24. Faridah plays host to a VIP. (1986, June 10). The Straits Times, p. 11; Quek, E. (2014, January 26). Pineapple blooms. The Straits Times, p. 28, Retrieved from NewspaperSG.
25. Burkill, I. H. (2002). A dictionary of the economic products of the Malay Peninsula. Malaysia: Ministry of Agriculture and Co-Operatives, p. 152. (Call no.: RSEA 634.909595 BUR); Leung, A. L. & Foster, S. (1996). Encyclopedia of common natural ingredients: Used in food, drugs and cosmetics. New York: Wiley, pp. 100–104. (Call no.: R 660.63 LEU); Conrozier, T. et al. (2014). A complex of three natural anti-inflammatory agents provides relief of osteoarthritis pain. Alternative therapies in health & medicine, 20(1), 32–37. Retrieved from EbscoHost.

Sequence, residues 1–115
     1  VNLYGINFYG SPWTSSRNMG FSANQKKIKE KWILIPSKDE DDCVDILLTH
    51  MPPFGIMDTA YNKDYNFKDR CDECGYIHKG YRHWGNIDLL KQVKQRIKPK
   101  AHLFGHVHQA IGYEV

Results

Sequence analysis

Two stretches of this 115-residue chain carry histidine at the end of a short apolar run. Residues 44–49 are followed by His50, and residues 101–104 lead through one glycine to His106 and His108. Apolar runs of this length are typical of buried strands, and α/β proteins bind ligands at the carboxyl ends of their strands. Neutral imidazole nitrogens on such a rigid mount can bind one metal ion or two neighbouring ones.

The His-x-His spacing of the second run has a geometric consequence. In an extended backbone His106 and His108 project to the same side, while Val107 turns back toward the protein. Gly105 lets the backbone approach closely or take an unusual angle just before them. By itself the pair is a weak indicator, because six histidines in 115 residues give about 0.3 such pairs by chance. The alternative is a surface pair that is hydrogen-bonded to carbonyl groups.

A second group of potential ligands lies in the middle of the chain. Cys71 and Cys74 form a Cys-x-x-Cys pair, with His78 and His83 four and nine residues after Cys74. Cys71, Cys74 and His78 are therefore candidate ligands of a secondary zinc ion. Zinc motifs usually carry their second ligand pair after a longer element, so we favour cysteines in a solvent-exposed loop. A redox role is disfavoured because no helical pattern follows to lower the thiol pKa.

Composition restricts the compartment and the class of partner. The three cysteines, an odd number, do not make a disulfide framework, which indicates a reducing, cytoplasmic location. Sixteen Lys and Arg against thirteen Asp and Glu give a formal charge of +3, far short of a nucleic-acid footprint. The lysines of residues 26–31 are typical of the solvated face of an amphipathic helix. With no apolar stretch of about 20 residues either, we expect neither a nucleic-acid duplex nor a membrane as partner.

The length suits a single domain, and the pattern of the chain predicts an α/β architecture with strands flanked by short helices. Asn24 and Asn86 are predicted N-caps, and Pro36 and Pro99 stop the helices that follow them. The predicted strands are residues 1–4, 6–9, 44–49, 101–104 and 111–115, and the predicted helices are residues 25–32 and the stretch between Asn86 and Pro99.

26. Piper, J. M. (1989). Fruits of South-East Asia. Singapore: Oxford University Press, p.12. (Call no.: RSING 634.60959 PIP)
27. Burkill, I. H. (2002). A dictionary of the economic products of the Malay Peninsula. Malaysia: Ministry of Agriculture and Co-Operatives, p. 152. (Call no.: RSEA 634.909595 BUR)
28. Piper, J. M. (1989). Fruits of South-East Asia. Singapore: Oxford University Press, p.12. (Call no.: RSING 634.60959 PIP)
29. Burkill, I. H. (2002). A dictionary of the economic products of the Malay Peninsula. Malaysia: Ministry of Agriculture and Co-Operatives, pp. 151–152. (Call no.: RSEA 634.909595 BUR)
30. Zappi. D. C. (2013). Guides to Gardens by the Bay: Heritage garden plants and recipes. Singapore: Gardens by the Bay. p. 34. (Call no.: RSING 581.63209595 ZAP)